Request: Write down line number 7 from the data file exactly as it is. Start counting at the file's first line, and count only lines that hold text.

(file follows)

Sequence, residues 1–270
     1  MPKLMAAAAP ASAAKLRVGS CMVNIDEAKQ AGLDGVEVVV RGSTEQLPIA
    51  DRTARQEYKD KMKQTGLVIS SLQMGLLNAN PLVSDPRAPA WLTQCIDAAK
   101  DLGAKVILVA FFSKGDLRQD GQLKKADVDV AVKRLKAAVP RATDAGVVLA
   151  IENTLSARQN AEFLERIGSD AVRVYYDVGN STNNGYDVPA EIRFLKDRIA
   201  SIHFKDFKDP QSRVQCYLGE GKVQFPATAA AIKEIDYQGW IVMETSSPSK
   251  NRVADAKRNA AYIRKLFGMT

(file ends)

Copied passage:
   251  NRVADAKRNA AYIRKLFGMT